Credit: Aimee Spinks/Netflix

There’s a reason few genres are more frequently funneled at teenage audiences than the supernatural romance.

Whether we’re talking lovelorn vampires, angst-ridden werewolves, or even the occasional unquiet spirit, these paranormal pariahs — all fighting against their nature in order to live (and love) with some semblance of normalcy — have long served as weirdly perfect surrogates for teens so trapped in the horrifying process of “becoming” that they feel like strangers in their own skin. Growing up can be a monster, you know.

Enter The Innocents, a too slippery but often intriguing new Netflix series (out Friday) that — in a spoiler too fundamental not to mention here — hopes to do for shapeshifters what Twilight did for bloodsuckers (even if Springis perhaps a more apt comparison). It follows a teen named June (Sorcha Groundsell) who realizes she can flit between human forms at will, “shifting” into someone else’s form merely by touching them. But this isn’t X-Men, and she’s no Mystique. When June first shifts, it’s entirely accidental, and she’s horrified by the experience — never more than when considering what baffled boyfriend Harry (Percelle Ascott) must think.

And on paper, that’s a pretty inviting proposition, one that actually gets smarter the more you think it through: What more fitting force to starcross two young lovers than the spooky realization that one of them has literally become someone else?

To cursed June, such a discovery certainly feels like life-ruining stuff, especially given that her abilities manifest right after she and Harry run away from their mutually broken families. His father is practically in a comatose state, her mother disappeared years ago, and they both have ample reason to hit the road. Beyond getting as far away from their dreary Scottish town as possible, the couple’s grand plan is of the starry-eyed and nebulously minded variety, born of passion more than precision. Still, it’s safe to assume neither pictured June waking up the next morning in the body of a hairy, wild-eyed Norwegian fellow. (It’s as bizarre as it sounds.)

Luckily, she still looks like herself in the reflection of the bathroom mirror, allowing her to confirm her identity to a rather rattled Harry; but as you can imagine, this doesn’t exactly put the poor guy at ease. June eventually manages to shift back into herself, and the pair continue on their way to London, but neither can afford to brush off something so bizarre, especially once June begins to shift on a more regular basis, jumping into the bodies of clubgoers and hospital nurses with first increasing curiosity, then a confidence that freaks out her beloved.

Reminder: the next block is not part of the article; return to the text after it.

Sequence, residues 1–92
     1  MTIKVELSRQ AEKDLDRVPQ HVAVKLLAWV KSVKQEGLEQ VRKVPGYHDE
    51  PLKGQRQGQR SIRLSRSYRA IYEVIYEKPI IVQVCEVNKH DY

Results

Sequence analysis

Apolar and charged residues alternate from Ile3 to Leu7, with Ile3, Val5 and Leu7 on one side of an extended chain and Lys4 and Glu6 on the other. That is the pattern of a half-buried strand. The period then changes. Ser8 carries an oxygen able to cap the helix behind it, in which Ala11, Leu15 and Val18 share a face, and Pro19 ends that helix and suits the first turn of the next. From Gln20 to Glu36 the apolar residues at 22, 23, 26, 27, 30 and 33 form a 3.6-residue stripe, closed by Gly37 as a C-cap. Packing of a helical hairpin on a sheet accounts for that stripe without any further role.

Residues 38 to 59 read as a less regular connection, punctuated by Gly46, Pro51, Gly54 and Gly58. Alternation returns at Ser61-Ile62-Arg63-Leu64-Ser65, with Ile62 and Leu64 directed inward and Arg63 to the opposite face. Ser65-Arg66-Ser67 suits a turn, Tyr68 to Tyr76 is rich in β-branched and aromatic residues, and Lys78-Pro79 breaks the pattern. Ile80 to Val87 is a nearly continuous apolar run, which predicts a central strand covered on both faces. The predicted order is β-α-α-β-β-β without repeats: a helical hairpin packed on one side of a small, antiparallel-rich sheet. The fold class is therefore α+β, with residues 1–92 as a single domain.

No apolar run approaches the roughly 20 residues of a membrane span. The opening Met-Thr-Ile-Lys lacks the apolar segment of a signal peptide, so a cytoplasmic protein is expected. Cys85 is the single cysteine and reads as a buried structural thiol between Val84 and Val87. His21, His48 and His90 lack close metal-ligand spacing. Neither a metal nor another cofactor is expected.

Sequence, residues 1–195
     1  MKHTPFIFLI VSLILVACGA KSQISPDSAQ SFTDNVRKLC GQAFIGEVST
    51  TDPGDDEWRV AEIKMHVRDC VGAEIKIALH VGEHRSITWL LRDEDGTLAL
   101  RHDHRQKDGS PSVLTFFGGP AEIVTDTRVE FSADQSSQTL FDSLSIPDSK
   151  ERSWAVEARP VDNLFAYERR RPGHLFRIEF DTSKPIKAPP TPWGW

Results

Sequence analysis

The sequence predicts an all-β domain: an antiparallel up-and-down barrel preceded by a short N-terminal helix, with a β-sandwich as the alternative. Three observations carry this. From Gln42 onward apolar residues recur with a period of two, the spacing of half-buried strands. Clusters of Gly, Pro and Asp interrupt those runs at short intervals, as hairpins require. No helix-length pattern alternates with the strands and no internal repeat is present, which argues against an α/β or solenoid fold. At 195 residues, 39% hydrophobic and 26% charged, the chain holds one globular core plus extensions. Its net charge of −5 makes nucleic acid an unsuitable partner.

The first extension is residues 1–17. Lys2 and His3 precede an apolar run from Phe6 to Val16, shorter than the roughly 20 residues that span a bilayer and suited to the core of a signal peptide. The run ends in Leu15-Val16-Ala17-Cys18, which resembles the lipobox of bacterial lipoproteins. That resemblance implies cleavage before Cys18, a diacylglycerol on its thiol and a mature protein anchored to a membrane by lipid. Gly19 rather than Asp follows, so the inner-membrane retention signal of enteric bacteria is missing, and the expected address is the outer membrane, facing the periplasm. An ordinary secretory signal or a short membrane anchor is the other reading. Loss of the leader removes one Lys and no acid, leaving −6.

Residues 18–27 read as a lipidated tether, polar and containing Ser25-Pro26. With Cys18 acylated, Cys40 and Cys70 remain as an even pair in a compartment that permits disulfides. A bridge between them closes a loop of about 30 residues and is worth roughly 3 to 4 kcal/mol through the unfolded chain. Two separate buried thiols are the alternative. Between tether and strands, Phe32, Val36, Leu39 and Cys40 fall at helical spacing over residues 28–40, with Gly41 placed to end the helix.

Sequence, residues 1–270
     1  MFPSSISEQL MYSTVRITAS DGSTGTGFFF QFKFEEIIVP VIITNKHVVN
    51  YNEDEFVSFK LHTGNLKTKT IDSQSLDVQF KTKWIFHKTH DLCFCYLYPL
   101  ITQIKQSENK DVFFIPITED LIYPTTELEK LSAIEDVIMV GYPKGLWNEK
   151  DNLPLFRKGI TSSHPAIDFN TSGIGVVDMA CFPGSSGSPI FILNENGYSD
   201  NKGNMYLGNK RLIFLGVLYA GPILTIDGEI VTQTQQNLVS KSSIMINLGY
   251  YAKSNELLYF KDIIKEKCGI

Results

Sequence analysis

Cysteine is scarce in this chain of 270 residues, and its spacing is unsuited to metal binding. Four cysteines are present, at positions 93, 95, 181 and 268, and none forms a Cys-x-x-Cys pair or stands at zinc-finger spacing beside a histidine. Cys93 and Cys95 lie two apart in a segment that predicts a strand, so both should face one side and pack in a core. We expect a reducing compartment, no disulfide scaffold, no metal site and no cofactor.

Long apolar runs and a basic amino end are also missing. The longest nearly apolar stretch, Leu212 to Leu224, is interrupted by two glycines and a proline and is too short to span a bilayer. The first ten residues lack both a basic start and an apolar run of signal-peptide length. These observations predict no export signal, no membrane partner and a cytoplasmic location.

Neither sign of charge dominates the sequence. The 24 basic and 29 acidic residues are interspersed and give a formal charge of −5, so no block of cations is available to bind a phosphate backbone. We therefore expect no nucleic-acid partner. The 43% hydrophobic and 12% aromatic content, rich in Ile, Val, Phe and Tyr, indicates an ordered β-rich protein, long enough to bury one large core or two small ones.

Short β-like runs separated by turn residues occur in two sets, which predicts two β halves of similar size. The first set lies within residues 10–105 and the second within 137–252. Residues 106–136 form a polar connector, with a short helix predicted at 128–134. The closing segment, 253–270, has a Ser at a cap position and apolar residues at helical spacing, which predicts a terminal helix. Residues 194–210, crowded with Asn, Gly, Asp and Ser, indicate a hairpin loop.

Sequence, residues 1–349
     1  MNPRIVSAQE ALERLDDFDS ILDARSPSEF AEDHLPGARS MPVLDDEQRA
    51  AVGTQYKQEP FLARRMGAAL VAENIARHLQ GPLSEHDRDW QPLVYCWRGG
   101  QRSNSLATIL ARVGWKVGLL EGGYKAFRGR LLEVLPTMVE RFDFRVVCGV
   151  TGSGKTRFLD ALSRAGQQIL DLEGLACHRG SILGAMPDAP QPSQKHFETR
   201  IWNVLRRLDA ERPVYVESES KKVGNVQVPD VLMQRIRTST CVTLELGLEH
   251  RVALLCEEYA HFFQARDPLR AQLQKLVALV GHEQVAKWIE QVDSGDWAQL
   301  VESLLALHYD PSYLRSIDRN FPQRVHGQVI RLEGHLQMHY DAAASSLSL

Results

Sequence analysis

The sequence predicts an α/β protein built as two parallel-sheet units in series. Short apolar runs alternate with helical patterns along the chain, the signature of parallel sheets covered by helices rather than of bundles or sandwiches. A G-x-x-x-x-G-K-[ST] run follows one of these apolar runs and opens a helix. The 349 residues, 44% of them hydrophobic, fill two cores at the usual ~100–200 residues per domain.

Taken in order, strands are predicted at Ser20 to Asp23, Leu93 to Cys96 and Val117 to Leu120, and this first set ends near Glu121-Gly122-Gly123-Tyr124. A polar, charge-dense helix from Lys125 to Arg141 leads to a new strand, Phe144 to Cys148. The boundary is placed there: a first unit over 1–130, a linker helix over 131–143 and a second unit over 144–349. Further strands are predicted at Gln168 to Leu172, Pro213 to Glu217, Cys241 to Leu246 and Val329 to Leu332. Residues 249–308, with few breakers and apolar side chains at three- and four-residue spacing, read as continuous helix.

Oh, and that hairy Norwegian guy? He’s still hot on their trail, intent on bringing June back to the Land of the Midnight Sun, where a creepy doctor (Guy Pearce) is experimenting on similarly gifted women, hoping to unlock the secrets hidden in their DNA (and also master the weird art of running a top-secret lab out of homely cabins in a gorgeous fjord).

Basically, it’s a whole lot of show — too much by half, even with eight waterlogged episodes comprising this first season — and it’s all unfurled in such damnably evasive fashion that more audiences will initially come away perplexed and frustrated than its creators perhaps intended. In this sense, the Netflix series with which it has most in common is probably The OA, another mysterious melodrama that matted and prolonged an ultimately underwhelming story arc in order to service its rich, immersive atmosphere.

Especially at the outset of The Innocents, it’s difficult to get a grip on who’s who — let alone what’s going on — and the only reason both come into focus across the season is that the series spends much of its length repeatedly hitting the same character beats and plot points. Harry loves June, neither can control of this strange new development in her life, and shifting is a capital-D dangerous enterprise; at points, one wonders if The Innocents knows it’s necessary to advance these ideas instead of just reinforcing them. Ditto for the stale arc involving Pearce’s doctor, a Big Bad who is ultimately just another artificially constructed obstacle threatening to separate June and Harry.

Where The Innocents is stronger involves that main relationship; even more than the CW supernatural dramas with which it has much in common (including, sadly, an over-reliance on weepy pop songs), this is an unabashedly romantic series, one that pulls much of its power from an underlying belief in love’s ability to bring light into a dark world. That’s a hard tone to maintain without collapsing into dramatically limp schmaltz (and The Innocents does botch it in some subplots — particularly one involving another shifter, a lost girl in London who may be beyond saving), but what it does have in its corner is commitment, from those crafting the show’s dreamy visual palette as well as its two fantastic leads. Groundsell and Ascott have that kind of instant, lived-in spark that often makes you feel as if you’re intruding, a fly on the wall disrupting something more real and compelling than any of the supernatural gobbledygook in play.

Some will scoff, but The Innocents really does work best — albeit imperfectly — as a strange and delicate romance. At its core, this is a show sweetly more concerned with reaffirming the power lovers draw from one another than watching the world tear them apart in dramatic fashion. And even if what plot surrounds it is ultimately too shapeless to make you crave the too-eagerly teed-up second season, that’s an aim too refreshingly earnest not to embrace. B-

The Innocents
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